. A third important effect on the wear process should also be added, namely, the formation of oxidized debris in the tribological contact zones, including from the fractured TFs. They can both exert an abrasive effect and act as a third body that facilitates sliding.
As an effective approach for designing antifriction polymer composites, Li Chang 
analyzed the formation of hybrid materials that simultaneously include both solid lubricant particles and reinforcing fibers. The synergetic principle of their action characterizes a scheme in Figure 1
. The following are noted as key tribological aspects 
: (1) The pin-on-disc (P-o-D) and block-on-ring (B-o-R) schemes are two generally used methods for sliding wear tests. (2) The presence of reinforcing fibers strengthens the polymer composites and protects them against irregularities (asperities) on the counterpart surfaces on the one hand. On the other hand, hard fibers can damage the counterpart surfaces and prevent TFs from attaching to them. Finally, the author concluded that ‘understanding of the growth of TFLs and their tribological behavior during steady state wearing stage is still limited owing to the lack of quantitative techniques’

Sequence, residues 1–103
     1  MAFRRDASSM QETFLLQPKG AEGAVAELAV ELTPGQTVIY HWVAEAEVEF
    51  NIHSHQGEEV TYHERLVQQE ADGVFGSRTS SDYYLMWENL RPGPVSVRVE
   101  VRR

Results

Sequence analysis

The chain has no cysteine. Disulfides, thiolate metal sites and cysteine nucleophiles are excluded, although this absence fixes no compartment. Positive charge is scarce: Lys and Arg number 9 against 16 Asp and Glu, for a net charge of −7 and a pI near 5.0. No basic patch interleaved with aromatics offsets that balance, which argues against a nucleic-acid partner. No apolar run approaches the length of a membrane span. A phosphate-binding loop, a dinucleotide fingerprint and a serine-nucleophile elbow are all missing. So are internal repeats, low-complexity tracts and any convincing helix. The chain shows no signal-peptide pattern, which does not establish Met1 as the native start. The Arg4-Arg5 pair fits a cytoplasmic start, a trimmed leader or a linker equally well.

. Note that researchers of HPP-based composites put very different concepts into the TF term despite the obviousness of the wear process development. For this reason, the TF role in the formation of the tribological properties can be both negative and positive, even providing friction in the ‘wearless’ mode.
A summary of the structural components of the wear resistant polymer composites. Figure is reproduced with permission from reference 
Meghashree Padhan suggested some examples of hybrid ‘PEEK + PAEK’-based composites loaded with 30% short carbon fibers (SCFs) and 10% graphite (Gr) nanoparticles as primary solid lubricants (SLs), as well as 10% noncarbon secondary SLs such as WS2
, h-BN, etc. When interpreting the results, the effect of synergism between both types of SLs and the best efficiency of nanoparticles over microsized inclusions were considered.
The widespread use of nanofillers to improve wear resistance of polymer composites has prompted a significant number of reviews. For example, Qihua Wang emphasized 
that nanoparticles alter friction and wear behavior in different ways. As a result, low CoF levels do not necessarily correspond to decreased WR values. At the same time, the factors affecting wear resistance are types of the combined polymer and nanoparticles, the filler content, and the friction contact size and shape in addition to operating conditions. Due to so many influencing factors, the effect of nanoparticles on the tribological properties of the antifriction polymer composites is still an open field for further research. This is especially the case when nanoparticles in combination with conventional fillers are considered. In doing so, a detailed analysis of the tribological behavior of various types of the composites with explicit consideration of the specific conditions of tribological tests is required.
A modification of M. Ashby’s concept on ranking structural materials over multidirectional functional properties 
has been suggested for designing polymer composites for tribological purposes 
. It considers WR, CoF and tensile strength levels of the polymer matrix, etc. (Figure 2